So Courtney at An Equestrian Life and I have been very chatty for the past few months since I added her on facebook to ask about the market for pony babies (in case I decided that was a cross I wanted to pursue with Highness). I figured she has a pony and all the ponies I’d seen online were in her area of the state, so maybe she was the person to ask. We chatted about that for a while, I decided not to breed Highness at all this year, and one thing led to another and we were talking about her visiting me when she was on her way to visit family.
Well, the visiting of family didn’t happen, but that meant I had her to myself all weekend. 🙂 While Dave and Poffins certainly missed her, I thoroughly enjoyed her company this weekend. Jason was working, so we had all Saturday morning (while he was asleep) and all Saturday night (while he was at work) to ride horses, talk about riding horses, and giggle while eating way too much bean/avocado dip.
Courtney had expressed an interest in Copper’s bucking issue at the canter when we discussed it online prior to her arrival. When she got here, he was first on the agenda. She’d brought her own tack, a Cambridge dressage saddle and a M. Toulouse jumping saddle (I could be wrong, I just know it wasn’t a dressage saddle…lol) to feel more comfortable should he decide to be a twit. The M. Toulouse was too small for him, but the dressage saddle was a better fit. This sounded good to me, because any opportunity to try out additional dressage saddles before I commit to buying my own is appreciated. I hopped on him first to show her how he goes, then let her have the wild beast. Spoiler alert: he was anything but wild.
After riding him in the barn long enough to realize he’s a smart horse who is pretty in tune to his rider, she took him outside in the field. She did ride him with my token bright yellow crop to keep him thinking forward. The western pleasure training definitely has him in a different frame of mind, and the western pleasure walk that he’s adopted was transformed into a much more forward marching walk once she picked up the crop.
She and I had discussed previously that maybe instead of giving him canter signals at the speed he and I generally go (not very fast…), we should push him into a big trot then squeeze him up into it and see how he does. Basically he picked it up without issue. He didn’t pin his ears, swish his tail, or indicate that he had the slightest negative feelings about the transition. She cantered him numerous times, getting a variety of leads from him, but no attitude. We didn’t put as much emphasis on the leads as we did on cantering quietly since he’s out of shape and hasn’t cantered much in the last year or so.
At this point Courtney declared that it was my turn to ride. I knew from our talks before Saturday that she was going to make me canter him and I was quasi nervous, quasi giddy at the idea of cantering my horse again. So we went back in the barn (I’d left my helmet and the mounting block in there) so I could mount, then I rode him outside. As soon as I got on he kind of exhaled and went to lazy Copper at the walk. Courtney handed me the crop and his strides lengthened. She had me work him into his bigger trot, which came much easier with the crop. She told me that I had to canter him, but if he gave me 4 or 5 good strides, I could go back to the trot if I wanted to. So when I asked him to canter the first time he went into it nicely and got the correct lead. I asked him to a trot for the little downhill incline. A couple weeks ago R measured out a 20 meter circle in the field, so we were using it as a guide. Since my field is so hilly, it was inevitable that their would be an incline somewhere. Typically this little incline would’ve bothered me, but the next time I asked Copper to canter, I didn’t ask him to trot before the incline and we cantered the full 20 meter circle. I took a second to rest and talk to Courtney since I had yet to eat anything that morning and it was hot. I’m more cautious about that sort of thing after passing out at a strangers farm when horse shopping a couple of summers ago.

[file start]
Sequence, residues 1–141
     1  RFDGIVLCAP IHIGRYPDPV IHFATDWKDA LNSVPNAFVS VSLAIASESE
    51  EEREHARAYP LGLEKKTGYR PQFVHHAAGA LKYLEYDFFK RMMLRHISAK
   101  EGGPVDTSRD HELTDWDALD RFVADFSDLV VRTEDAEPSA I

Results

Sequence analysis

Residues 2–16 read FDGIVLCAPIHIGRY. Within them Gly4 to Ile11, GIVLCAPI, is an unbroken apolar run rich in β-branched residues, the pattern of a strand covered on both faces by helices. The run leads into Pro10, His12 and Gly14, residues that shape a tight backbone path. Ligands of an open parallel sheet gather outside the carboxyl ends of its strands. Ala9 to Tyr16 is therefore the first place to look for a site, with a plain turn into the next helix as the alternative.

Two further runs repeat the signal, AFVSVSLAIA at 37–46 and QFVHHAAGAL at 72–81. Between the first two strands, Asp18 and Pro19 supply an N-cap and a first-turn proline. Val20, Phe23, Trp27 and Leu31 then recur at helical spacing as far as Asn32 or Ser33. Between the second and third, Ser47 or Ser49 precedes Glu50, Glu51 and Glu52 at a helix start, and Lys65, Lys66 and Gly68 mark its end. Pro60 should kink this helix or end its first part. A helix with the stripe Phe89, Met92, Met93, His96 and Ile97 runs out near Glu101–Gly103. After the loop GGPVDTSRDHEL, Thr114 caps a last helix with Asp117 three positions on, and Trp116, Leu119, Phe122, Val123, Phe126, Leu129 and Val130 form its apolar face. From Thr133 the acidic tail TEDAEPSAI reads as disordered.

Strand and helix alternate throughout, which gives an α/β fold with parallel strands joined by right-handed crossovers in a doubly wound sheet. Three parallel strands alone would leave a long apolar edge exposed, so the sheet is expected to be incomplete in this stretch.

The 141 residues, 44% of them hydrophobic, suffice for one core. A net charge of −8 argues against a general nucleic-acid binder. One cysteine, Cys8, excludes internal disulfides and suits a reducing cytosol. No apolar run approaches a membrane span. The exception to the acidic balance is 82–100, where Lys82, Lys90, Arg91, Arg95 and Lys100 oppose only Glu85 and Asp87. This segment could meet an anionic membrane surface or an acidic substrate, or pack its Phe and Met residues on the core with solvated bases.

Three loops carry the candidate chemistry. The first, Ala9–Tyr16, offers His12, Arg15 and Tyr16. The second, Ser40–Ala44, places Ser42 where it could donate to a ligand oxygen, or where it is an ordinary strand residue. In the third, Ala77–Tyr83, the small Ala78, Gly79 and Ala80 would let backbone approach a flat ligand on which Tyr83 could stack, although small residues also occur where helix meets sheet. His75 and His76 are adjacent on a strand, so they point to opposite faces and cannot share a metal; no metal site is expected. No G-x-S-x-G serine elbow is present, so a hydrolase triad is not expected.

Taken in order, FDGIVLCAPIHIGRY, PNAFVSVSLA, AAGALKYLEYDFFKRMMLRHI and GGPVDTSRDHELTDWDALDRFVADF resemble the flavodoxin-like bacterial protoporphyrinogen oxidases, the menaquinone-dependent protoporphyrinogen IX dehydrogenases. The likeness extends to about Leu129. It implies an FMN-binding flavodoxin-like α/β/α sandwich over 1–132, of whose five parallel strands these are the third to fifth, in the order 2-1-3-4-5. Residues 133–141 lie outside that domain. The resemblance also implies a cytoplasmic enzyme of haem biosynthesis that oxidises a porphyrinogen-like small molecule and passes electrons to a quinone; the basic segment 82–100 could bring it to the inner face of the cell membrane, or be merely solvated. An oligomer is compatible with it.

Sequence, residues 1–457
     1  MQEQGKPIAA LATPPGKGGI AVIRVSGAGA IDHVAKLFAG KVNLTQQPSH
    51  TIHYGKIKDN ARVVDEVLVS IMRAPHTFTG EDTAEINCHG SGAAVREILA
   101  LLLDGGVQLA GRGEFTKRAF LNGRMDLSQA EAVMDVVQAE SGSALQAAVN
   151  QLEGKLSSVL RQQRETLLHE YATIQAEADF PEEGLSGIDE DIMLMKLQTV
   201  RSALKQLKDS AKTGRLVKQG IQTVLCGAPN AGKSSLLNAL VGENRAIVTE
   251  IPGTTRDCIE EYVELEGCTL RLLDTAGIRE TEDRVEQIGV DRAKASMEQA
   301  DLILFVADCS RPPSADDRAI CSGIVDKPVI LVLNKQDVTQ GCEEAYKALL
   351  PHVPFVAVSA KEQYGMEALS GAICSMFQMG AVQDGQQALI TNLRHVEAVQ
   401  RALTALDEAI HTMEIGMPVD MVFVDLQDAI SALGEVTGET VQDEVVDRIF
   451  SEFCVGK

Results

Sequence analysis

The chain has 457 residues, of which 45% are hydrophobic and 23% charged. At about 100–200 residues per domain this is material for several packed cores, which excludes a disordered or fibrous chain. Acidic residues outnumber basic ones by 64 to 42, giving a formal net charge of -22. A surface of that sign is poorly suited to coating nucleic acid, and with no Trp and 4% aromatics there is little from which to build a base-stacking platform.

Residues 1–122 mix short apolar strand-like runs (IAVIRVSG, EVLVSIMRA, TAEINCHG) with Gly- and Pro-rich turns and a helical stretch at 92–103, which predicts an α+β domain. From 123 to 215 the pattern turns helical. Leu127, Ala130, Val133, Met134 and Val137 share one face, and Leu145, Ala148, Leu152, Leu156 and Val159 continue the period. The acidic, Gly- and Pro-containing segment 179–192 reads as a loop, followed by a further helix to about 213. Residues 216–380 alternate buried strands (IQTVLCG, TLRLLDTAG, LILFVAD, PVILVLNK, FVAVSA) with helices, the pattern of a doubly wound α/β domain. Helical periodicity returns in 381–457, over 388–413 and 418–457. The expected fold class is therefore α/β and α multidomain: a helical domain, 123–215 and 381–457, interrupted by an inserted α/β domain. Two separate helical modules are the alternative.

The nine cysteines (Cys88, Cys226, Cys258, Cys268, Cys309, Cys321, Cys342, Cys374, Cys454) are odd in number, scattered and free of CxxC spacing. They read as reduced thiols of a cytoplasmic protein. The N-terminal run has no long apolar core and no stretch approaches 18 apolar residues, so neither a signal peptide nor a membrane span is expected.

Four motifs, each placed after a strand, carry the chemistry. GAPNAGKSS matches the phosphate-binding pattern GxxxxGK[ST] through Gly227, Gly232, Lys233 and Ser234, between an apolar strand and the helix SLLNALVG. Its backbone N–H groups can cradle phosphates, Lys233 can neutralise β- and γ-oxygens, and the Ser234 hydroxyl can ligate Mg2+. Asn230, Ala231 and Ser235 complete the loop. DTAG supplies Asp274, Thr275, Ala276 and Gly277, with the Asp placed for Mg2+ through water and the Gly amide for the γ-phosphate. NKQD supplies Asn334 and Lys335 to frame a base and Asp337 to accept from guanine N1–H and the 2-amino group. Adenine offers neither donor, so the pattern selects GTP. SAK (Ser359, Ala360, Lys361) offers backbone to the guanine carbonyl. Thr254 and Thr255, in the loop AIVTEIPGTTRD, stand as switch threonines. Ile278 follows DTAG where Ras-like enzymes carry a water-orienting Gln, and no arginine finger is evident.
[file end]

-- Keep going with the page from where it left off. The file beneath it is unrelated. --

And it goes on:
I continued to canter Copper a few more times and he was only on the wrong lead with me once. I let him drop to the trot, then when I asked the next time, he was correct again. I think he just needs to build muscle to be able to pick it up without having to try as hard. At this point I think we had all worked up a good sweat, so we let Copper be done for the day.
We decided now was a good time to go grab some lunch since we planned on riding in the heat more. When we got back from lunch the game plan was that I was going to ride Paige while Courtney rode Highness. When I pulled Paige in, she’d lost the shoe that was wobbly earlier in the week. My farrier is on vacation, and the back up farrier that I called must not want to help non-regular clients, because he never called me back either. I put Paige on the end of the lead rope and she was sore, so she got to eat a strawberry that I brought her from my lunch and get turned out. She was totally fine with that arrangement.
Highness rode well for Courtney, but wasn’t as finished as Courtney thought she would be. She’s basically w/t/c broke and quiet. She rode her for a little while and said that she preferred Copper of the two and realized why I did as well after riding Highness. We both agreed that she could be a nice horse for someone, but since my time is limited, it makes more sense for me to put time and effort into Copper and Paige.
Big thanks to Courtney for helping me work through my issues with cantering Copper. We still have a ways to go, but cantering him Saturday certainly helped me get past the mental block and remember how nice he is to canter.
I’ll be back with Part Two tomorrow. 🙂